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How big firms rip off African consumers

KOKO MINGI VIII, king of the Nembe people, had a vigorous approach to trust-busting. In 1895 he led a pre-dawn raid on the headquarters of the Royal Niger Company, a British firm that had monopolised the palm-oil trade in the Niger delta. Koko captured 60 hostages and demanded to be allowed to trade freely. The British sent in the gunboats instead, and monopolists have had the upper hand in Nigeria ever since: the country did not enact an overarching competition law until last year.

King Koko’s trust-busting heirs have their work cut out, and not just in Nigeria. In much of Africa formal economies are dominated by large firms that rip off consumers. The IMF reckons that firm markups are about 11% larger in sub-Saharan Africa than in other developing regions, and that prices are 20% higher. The challenge for African governments is not only to make markets more efficient, but also to undo a history of economic exclusion.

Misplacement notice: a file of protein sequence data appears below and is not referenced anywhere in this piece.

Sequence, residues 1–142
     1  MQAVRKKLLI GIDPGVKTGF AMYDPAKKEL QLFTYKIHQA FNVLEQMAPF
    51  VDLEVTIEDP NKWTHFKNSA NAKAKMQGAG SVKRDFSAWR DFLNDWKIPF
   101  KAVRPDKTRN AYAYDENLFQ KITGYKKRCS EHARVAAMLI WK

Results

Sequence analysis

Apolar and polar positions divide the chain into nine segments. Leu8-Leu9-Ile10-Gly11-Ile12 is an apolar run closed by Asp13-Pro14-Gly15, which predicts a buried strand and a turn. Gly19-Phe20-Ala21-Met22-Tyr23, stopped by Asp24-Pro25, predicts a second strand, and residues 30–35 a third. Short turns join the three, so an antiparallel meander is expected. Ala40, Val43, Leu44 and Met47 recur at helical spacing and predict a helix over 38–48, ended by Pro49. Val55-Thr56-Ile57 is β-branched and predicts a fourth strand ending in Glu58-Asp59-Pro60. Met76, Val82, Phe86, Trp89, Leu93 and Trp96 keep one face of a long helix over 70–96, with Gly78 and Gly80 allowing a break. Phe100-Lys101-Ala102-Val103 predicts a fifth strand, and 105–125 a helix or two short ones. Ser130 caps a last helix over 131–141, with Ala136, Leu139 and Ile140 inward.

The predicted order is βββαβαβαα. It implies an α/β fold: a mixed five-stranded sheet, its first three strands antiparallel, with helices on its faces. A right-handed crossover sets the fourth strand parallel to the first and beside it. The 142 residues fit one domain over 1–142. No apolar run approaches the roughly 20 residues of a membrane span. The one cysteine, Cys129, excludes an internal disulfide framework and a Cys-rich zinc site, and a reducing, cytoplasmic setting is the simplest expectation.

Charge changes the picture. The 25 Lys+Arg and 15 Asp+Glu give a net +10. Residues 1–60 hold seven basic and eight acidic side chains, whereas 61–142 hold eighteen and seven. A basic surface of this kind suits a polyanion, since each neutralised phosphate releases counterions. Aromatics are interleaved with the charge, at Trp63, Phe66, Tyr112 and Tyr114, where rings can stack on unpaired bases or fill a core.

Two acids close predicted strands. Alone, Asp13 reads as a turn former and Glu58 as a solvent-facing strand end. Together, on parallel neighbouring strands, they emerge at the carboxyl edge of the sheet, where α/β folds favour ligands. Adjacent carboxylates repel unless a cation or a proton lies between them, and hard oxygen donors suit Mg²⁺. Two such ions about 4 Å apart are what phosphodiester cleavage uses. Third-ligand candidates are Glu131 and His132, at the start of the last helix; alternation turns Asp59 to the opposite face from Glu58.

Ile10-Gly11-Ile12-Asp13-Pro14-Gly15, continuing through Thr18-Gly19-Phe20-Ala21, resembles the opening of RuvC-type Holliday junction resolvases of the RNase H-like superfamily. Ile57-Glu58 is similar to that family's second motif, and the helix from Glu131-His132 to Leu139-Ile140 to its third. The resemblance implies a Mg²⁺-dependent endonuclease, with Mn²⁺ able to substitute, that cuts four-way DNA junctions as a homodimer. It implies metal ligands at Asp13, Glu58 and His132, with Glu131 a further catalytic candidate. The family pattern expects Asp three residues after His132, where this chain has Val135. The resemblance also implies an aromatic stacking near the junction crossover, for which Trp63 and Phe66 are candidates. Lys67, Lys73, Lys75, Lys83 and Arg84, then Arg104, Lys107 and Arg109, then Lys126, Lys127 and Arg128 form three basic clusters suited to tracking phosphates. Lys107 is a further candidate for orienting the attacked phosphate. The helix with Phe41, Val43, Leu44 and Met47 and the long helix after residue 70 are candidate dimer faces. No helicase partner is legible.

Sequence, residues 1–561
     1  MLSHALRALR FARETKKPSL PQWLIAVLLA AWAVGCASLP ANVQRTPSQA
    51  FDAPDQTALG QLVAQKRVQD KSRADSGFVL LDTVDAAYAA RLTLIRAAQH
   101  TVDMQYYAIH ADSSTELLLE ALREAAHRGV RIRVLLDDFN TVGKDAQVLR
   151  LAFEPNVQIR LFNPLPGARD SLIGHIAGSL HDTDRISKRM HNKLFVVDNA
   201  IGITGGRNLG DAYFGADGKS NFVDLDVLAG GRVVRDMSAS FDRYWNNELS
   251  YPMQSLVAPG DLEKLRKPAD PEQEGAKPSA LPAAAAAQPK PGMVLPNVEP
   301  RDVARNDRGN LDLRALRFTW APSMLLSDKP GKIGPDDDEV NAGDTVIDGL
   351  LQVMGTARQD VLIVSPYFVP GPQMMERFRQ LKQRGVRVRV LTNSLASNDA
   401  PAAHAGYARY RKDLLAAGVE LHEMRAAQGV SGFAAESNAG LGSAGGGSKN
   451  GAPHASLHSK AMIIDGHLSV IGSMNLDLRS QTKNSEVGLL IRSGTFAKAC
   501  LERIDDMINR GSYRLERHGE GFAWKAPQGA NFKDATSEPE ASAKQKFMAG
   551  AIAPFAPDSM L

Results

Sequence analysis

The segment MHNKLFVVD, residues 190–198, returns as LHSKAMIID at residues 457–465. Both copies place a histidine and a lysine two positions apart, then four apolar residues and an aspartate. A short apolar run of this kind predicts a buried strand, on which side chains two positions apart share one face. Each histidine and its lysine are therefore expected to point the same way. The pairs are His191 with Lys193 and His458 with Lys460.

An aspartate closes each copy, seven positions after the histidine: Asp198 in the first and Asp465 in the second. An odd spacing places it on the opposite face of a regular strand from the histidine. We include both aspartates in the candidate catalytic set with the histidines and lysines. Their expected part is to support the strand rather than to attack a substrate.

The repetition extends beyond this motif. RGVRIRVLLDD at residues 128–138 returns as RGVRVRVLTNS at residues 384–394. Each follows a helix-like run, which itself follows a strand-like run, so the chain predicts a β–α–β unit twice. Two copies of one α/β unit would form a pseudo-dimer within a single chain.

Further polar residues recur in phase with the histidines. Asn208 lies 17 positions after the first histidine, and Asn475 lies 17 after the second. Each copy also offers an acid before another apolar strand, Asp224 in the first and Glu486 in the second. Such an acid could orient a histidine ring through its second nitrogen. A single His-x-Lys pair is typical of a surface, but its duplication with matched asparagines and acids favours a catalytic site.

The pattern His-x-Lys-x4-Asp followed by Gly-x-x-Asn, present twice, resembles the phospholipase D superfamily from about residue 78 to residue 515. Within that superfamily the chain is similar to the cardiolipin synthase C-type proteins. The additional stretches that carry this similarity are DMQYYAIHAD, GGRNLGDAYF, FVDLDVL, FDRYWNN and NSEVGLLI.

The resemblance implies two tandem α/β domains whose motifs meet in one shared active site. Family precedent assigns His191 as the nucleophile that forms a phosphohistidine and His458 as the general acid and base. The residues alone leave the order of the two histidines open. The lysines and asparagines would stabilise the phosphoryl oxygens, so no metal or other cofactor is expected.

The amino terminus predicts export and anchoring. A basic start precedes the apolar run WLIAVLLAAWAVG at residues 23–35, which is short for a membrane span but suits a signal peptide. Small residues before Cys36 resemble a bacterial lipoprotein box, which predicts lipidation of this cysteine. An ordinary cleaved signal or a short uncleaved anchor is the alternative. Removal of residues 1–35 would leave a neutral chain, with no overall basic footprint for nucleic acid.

Colonial economies were built around European trading firms, with licensing rules that hindered the emergence of black African capitalists. That logic was taken to extremes in South Africa, where just six conglomerates controlled 87% of the stockmarket at the end of apartheid. “The structure of our economy was designed to keep assets in a few hands,” noted Cyril Ramaphosa, the president, in his state-of-...



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